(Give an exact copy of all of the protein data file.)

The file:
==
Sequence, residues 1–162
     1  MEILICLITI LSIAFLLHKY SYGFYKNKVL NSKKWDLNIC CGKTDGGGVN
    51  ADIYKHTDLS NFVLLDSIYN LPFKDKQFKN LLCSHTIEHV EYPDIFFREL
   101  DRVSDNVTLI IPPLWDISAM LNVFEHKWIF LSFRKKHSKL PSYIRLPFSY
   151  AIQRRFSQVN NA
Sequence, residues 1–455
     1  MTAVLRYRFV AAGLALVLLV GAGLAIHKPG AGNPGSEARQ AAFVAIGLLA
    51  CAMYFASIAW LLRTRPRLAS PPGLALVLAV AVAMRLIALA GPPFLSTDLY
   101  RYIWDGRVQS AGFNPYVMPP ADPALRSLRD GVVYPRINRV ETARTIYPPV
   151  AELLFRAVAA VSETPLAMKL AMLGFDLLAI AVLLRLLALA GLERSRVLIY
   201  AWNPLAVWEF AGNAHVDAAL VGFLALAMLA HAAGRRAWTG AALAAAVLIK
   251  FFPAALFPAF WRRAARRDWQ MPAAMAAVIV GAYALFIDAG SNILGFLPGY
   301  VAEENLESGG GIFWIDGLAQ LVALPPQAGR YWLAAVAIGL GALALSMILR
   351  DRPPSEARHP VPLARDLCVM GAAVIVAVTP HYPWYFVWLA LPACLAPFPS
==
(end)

Sequence, residues 1–162
     1  MEILICLITI LSIAFLLHKY SYGFYKNKVL NSKKWDLNIC CGKTDGGGVN
    51  ADIYKHTDLS NFVLLDSIYN LPFKDKQFKN LLCSHTIEHV EYPDIFFREL
   101  DRVSDNVTLI IPPLWDISAM LNVFEHKWIF LSFRKKHSKL PSYIRLPFSY
   151  AIQRRFSQVN NA
Sequence, residues 1–455
     1  MTAVLRYRFV AAGLALVLLV GAGLAIHKPG AGNPGSEARQ AAFVAIGLLA
    51  CAMYFASIAW LLRTRPRLAS PPGLALVLAV AVAMRLIALA GPPFLSTDLY
   101  RYIWDGRVQS AGFNPYVMPP ADPALRSLRD GVVYPRINRV ETARTIYPPV
   151  AELLFRAVAA VSETPLAMKL AMLGFDLLAI AVLLRLLALA GLERSRVLIY
   201  AWNPLAVWEF AGNAHVDAAL VGFLALAMLA HAAGRRAWTG AALAAAVLIK
   251  FFPAALFPAF WRRAARRDWQ MPAAMAAVIV GAYALFIDAG SNILGFLPGY
   301  VAEENLESGG GIFWIDGLAQ LVALPPQAGR YWLAAVAIGL GALALSMILR
   351  DRPPSEARHP VPLARDLCVM GAAVIVAVTP HYPWYFVWLA LPACLAPFPS